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Citrix SaaS efforts focus on partner channel expansion

Lynn Haber

ANAHEIM, Calif. -- The Citrix SaaS Advisor (CSSA) program, which went live on May 1, is just the beginning of a long-term strategic play by Citrix Systems Inc.'s

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Online Services Division to expand its Software as a Service offerings -- up until now sold solely through the direct channel -- to the indirect channel.

The first part of the announcement introduced the SaaS resale and referral rewards program for the vendor's suite of collaboration, support and data sharing products: Citrix GoToMeeting, GoToAssist, Citrix ShareFile and Podio. The program allows partners to buy and resell these products through the vendor's distribution partners or to refer customers to Citrix and get paid a referral fee.

The second part of the announcement was directed at managed and cloud service providers, as well as SaaS aggregators that are building marketplaces for SaaS products and would like to integrate the GoTo services into their marketing plans.

According to Mike Musson, vice president of strategy and business development with the Online Services Division at Citrix, the company's global initiative to build strategic SaaS partnerships is underway with the announcement on May 7 that a Citrix GoToMyPC offering will be available in Japan through KDDI Corp., Japan's second-largest telecommunications carrier, and Ascentech K.K., a technology distributor in Japan.

There are also ongoing negotiations with providers in Europe, the Middle East and Africa (EMEA) and Latin America as the company looks to form strategic partnerships to accelerate its efforts to sell services in those markets. Citrix plans to develop partnerships in the U.S. and Canada as well but is placing a lower priority on partnerships in those countries because it already has a strong presence there. By 2014 Citrix wants to have strategic partners in all major geographies, Musson said.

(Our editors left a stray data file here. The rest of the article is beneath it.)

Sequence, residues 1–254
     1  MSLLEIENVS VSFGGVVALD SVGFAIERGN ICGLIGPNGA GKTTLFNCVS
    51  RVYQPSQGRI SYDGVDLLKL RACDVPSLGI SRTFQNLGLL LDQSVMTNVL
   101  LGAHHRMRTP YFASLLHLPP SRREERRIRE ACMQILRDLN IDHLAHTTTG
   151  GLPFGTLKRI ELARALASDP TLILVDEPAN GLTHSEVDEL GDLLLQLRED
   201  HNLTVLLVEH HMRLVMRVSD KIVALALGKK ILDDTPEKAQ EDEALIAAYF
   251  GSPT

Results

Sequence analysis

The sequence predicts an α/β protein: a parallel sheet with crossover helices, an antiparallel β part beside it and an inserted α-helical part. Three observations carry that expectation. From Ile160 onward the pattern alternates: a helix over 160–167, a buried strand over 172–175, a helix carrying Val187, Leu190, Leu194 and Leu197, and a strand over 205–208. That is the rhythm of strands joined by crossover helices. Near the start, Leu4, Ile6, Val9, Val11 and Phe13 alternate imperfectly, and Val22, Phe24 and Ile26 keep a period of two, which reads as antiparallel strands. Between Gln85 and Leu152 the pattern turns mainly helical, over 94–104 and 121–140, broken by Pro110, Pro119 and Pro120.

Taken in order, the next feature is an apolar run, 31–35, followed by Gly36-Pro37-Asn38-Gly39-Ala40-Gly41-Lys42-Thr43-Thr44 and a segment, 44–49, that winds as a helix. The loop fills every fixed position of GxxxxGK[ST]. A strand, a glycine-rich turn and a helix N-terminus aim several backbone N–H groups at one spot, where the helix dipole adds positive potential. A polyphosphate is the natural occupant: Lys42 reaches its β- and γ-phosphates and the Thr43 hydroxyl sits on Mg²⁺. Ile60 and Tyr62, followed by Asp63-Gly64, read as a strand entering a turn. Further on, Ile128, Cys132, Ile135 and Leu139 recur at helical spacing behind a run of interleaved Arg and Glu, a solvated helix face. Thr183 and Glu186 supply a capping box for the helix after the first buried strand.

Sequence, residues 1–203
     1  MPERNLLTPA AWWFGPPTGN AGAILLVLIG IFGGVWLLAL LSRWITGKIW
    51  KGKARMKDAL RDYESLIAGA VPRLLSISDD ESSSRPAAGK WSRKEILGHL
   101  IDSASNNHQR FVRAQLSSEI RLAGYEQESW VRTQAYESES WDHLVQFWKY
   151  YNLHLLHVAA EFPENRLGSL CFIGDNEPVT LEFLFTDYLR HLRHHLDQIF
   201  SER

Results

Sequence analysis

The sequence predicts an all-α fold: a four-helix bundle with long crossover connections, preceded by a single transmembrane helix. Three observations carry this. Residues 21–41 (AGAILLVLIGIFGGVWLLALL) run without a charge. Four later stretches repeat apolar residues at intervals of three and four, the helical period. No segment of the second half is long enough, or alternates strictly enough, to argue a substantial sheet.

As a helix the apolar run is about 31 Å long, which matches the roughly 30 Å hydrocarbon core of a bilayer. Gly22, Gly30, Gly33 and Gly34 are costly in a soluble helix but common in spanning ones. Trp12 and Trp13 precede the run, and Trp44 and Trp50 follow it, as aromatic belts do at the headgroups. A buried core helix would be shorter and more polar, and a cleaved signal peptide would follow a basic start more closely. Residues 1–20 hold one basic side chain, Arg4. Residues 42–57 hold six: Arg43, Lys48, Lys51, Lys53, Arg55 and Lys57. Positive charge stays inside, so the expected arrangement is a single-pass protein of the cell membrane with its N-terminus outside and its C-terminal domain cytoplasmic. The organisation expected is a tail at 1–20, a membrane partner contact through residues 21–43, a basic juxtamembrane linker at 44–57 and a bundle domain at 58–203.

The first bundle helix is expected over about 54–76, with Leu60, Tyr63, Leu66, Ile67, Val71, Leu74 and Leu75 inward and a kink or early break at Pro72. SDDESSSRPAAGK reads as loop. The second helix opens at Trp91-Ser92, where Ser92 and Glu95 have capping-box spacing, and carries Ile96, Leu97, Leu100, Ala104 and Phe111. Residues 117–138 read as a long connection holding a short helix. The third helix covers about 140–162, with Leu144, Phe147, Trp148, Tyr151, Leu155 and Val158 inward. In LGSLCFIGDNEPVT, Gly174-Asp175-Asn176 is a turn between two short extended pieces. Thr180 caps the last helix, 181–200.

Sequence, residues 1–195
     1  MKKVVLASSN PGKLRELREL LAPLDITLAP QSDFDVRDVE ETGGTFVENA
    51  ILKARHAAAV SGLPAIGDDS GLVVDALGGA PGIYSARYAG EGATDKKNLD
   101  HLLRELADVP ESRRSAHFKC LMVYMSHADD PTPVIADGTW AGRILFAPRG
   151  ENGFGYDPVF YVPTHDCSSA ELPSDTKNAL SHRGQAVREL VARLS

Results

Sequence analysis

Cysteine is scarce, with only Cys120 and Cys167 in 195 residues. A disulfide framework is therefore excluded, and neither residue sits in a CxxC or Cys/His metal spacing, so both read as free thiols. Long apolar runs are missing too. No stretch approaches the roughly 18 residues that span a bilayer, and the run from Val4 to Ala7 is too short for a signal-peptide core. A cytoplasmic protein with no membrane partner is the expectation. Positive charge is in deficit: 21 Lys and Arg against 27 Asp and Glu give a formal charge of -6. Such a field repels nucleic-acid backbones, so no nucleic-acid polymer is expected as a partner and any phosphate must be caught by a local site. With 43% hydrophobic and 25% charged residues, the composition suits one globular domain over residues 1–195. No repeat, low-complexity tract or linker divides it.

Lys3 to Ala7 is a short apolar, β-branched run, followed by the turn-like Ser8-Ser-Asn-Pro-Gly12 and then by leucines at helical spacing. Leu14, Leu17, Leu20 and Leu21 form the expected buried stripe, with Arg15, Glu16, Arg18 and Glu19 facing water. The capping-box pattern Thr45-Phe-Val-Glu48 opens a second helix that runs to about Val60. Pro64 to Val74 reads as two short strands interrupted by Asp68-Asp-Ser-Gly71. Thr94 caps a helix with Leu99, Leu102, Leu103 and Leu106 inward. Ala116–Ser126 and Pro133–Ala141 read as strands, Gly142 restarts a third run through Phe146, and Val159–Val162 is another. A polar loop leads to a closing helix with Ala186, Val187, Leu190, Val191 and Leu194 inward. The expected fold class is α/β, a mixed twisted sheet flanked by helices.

"Our strategy over time for any customer or partner that is interested in Citrix SaaS technology is to give them a frictionless way to acquire it. What that means is becoming partner-friendly in terms of letting the partner and the distributor sell, manage and provision the account, and manage the subscription service," Musson said in an interview at Citrix Summit here this week.

Although still in its embryonic stages, Citrix is investing in and building teams to have the capacity to have the relationships; structure the agreements; and, from a technical perspective, to integrate with the different billing and provisioning cloud services that are sprouting up in the indirect channel world, added Musson.

Today, in the U.S., for example, Citrix acts like a telecommunications carrier running phone traffic, minutes and sessions of its GoToMeeting collaboration product. The vendor's future plans are to tightly integrate its SaaS infrastructure with a telco partner's infrastructure in a way that is seamless to the end user -- to enable the telco to resell Citrix online services.

Musson believes the market is big enough for all cloud service providers. "Our view is that it's still early in the adoption of these technologies with a lot of market demand that hasn't been met, and there's opportunity for all types of players to meet that demand," he said.

The Citrix executive envisions different players bringing different advantages to the deal. For example, a telco may address customers interested in doing a bundle with broadband and PBX audio conferencing services adding Web collaboration into the mix, while a channel partner might support a customer that's interested in rolling out a "poor man's" unified communication solution with Logitech webcams on a laptop in a conference room with Web collaboration.

There's currently no way predict what the demand pool will be for these different services and it's likely that there will be a lot of ways companies will want to acquire the technology and be supported by the partner, according to Musson.

"Our view is, let's set up a structure that we can integrate with, sell and support all types of channel partners, maintain an agnostic Switzerland-like status and let them all fight it out," said Musson. "We'll be fair. We won't play partners against each other. … [Everyone will get] the same pricing, everyone [will get] the discounts based upon volume, and we'll go from there."


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